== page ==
Israeli forces kill Palestinian at occupied West Bank checkpoint

Palestinian official rejects Israeli police allegation that suspect had attempted to run over an officer.

Scene of a Palestinian ramming attack at an Israeli military checkpoint near the town of Abu Dis
Israeli forces secure the scene at an Israeli military checkpoint near the town of Abu Dis in the occupied West Bank [Ammar Awad/Reuters]

Israeli forces have shot and killed the nephew of a senior Palestinian official at a checkpoint in the occupied West Bank.

The deceased was identified as 27-year-old Ahmad Erakat, nephew of Saeb Erakat, secretary-general of the Palestine Liberation Organisation (PLO).

Israeli border police said on Tuesday they shot and killed a suspect who they say attempted to run over a female officer at a checkpoint in the Palestinian village of Abu Dis, east of Jerusalem. Police said the officer was slightly wounded in the incident.

Palestinian officials rejected the police’s account of the man’s death.

Ahmad was “executed” by the Israeli police, his uncle Saeb told AFP, adding that he held Israeli Prime Minister Benjamin Netanyahu responsible for “this crime”.

He dismissed the police allegation of an attempted car ramming as “impossible”, saying that Ahmad was due to be married later in the week.

“This young man was killed in cold blood. Tonight was his sister’s wedding,” Saeb said.

“What the occupation army claims, that he was trying to run someone over, is a lie.”

Israeli police spokesperson Micky Rosenfeld said the man “drove his vehicle quickly towards the direction of a female border police officer who was injured lightly”.

The officer was evacuated to a hospital.

Police did not immediately release a video of the incident, and there was no way to independently verify the account. But police released a photo that appeared to show the vehicle after it had collided into the checkpoint.

‘Palestinian lives matter’

Senior Palestinian official Hanan Ashrawi called on the international community to take “concrete steps” to hold Israel accountable over Ahmad’s death.

Scene of a Palestinian ramming attack at an Israeli military checkpoint near the town of Abu Dis
A man prays at the side of the road as traffic backs up near the scene of the incident at a checkpoint near the town of Abu Dis in the West Bank [Ammar Awad/Reuters]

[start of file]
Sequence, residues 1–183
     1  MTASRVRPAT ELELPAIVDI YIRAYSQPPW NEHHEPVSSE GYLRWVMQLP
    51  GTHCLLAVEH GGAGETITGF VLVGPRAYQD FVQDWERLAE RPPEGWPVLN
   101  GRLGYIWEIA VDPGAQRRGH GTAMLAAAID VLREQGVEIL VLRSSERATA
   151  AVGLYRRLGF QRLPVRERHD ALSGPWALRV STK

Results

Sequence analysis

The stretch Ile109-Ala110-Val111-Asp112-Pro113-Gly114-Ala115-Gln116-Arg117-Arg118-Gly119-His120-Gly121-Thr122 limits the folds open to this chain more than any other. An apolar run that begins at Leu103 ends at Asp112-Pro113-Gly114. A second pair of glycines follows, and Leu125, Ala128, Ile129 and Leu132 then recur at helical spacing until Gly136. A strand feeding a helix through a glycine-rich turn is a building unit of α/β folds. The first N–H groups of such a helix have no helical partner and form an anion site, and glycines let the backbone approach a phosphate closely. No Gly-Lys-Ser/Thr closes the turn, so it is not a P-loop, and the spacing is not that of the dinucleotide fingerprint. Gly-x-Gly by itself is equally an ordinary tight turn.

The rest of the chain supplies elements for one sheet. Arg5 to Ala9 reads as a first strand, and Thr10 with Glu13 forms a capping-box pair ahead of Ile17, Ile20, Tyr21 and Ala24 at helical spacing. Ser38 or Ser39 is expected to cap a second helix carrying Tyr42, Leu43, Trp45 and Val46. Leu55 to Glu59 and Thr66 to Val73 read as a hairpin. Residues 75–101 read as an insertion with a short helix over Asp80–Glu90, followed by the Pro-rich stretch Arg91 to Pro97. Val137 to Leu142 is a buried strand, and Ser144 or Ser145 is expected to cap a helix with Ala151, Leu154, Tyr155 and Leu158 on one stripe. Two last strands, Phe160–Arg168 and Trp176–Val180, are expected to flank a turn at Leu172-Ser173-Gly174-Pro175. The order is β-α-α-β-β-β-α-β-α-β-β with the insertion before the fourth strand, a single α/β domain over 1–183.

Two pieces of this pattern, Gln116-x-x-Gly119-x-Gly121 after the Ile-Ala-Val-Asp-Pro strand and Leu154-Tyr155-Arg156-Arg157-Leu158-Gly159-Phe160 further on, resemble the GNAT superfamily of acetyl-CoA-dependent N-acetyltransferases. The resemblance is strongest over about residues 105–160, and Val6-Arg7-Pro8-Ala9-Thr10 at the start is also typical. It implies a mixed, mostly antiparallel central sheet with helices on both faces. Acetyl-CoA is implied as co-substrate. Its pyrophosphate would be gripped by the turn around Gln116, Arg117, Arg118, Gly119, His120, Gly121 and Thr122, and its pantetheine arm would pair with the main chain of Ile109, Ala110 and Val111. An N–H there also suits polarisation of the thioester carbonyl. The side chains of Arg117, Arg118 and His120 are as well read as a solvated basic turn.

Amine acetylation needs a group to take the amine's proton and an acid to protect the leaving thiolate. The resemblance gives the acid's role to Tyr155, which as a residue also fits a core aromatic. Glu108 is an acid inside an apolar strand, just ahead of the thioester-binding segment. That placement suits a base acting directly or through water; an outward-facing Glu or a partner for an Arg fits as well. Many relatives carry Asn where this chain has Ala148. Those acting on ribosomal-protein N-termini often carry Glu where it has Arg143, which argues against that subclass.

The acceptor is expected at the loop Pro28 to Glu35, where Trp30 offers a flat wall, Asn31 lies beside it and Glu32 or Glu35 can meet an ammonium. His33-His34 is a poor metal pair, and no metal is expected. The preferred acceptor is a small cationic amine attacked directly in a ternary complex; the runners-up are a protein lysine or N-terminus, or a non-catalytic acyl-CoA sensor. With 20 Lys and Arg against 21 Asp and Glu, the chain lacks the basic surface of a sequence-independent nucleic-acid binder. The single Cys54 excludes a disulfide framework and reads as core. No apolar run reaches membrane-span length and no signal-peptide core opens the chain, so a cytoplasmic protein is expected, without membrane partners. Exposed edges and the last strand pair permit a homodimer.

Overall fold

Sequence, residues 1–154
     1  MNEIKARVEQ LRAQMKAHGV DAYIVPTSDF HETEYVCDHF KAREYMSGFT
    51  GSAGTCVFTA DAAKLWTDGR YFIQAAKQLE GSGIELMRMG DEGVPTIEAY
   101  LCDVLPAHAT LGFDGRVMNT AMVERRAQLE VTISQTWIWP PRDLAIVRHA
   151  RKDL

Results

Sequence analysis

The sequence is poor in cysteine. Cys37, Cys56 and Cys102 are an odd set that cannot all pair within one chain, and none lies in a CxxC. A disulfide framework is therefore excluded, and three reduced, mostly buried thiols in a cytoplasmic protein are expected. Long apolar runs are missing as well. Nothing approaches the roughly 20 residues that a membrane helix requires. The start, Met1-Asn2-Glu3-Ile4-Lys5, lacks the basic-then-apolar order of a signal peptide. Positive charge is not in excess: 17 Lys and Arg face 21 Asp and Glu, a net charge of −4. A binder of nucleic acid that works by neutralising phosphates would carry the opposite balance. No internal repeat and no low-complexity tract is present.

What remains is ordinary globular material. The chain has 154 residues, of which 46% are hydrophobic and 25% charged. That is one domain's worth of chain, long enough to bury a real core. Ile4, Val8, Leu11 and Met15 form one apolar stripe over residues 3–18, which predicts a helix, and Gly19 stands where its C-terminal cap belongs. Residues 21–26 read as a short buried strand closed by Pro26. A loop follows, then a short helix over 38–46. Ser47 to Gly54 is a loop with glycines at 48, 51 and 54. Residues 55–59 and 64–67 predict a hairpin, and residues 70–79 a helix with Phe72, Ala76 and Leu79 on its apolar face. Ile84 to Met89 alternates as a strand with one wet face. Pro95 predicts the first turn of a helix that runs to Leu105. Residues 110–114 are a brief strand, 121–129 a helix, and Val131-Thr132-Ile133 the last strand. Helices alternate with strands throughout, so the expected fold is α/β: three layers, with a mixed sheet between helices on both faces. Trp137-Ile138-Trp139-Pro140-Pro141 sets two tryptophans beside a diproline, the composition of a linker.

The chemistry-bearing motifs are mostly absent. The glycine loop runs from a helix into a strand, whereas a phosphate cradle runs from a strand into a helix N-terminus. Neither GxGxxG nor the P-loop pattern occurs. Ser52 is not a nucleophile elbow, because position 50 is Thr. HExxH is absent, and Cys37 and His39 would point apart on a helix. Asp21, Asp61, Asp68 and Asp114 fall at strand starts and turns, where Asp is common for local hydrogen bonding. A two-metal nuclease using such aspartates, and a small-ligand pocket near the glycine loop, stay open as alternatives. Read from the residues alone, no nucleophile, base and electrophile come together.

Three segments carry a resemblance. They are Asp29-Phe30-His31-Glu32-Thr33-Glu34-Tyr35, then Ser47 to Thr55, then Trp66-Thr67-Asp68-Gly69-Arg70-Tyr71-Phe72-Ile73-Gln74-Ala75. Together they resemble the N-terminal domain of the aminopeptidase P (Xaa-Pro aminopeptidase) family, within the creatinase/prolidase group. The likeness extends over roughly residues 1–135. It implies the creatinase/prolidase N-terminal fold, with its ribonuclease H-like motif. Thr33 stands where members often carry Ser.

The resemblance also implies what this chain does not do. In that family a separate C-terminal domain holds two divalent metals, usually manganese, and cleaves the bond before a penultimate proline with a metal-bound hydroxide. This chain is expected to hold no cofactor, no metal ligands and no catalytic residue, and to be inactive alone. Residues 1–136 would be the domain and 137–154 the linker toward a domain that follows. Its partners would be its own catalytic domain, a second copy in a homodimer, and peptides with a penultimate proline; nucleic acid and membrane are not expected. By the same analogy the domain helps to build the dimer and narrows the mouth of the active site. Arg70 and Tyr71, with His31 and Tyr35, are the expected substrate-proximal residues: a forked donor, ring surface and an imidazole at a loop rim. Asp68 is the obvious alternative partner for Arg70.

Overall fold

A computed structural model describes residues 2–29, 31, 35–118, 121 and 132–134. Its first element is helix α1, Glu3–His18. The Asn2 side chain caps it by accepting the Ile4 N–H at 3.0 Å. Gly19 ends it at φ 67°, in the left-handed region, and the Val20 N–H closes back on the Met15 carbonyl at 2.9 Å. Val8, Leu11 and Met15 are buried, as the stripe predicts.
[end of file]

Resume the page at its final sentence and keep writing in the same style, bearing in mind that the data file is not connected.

“Palestinian lives matter,” she wrote in a statement, recalling last month’s police killing of an autistic Palestinian man in Jerusalem.

She said that Ahmad was on his way to pick up his mother and sister who were preparing for his sister’s wedding later that day.

“Israel also attempted to slander Ahmad and excuse his murder. It is part of a tragically familiar pattern, where Israel habitually uses false pretexts that are all too familiar now to justify the murder of Palestinians by trigger happy soldiers,” Ahrawi said.

Palestinians and human rights groups have also accused Israeli security forces of using excessive force, or in some cases opening fire at cars that merely lost control.

The director of the Palestinian Red Crescent Society in Bethlehem confirmed that a soldier prevented Palestinian medical personnel from approaching the man and was left to bleed, Palestinian news agency Wafa reported.

“Ahmed Erekat, 27, beautiful young man. A son. A brother. Fiancee. My baby cousin,” Noura Erakat, a human rights attorney based in the US wrote on Twitter, sharing his photos.

“Israeli cowards shot him multiple times, left him to bleed for 1.5 hours and blamed him for his death. Tonight was his sister’s wedding, his was next month. We failed to protect him. I am so sorry,” she wrote.

Tuesday’s incident comes ahead of plans by Israeli Prime Minister Benjamin Netanyahu to annex parts of the West Bank.

Netanyahu said the government would take steps towards annexing Israeli settlements, illegal under international law, and the Jordan Valley from July 1, as part of a broader US plan. The Palestinians have rejected the plan and want the West Bank to form part of a future Palestinian state.

The proposals have sparked widespread international criticism and warnings that such a move would lead to violence.

Source: Al Jazeera, News Agencies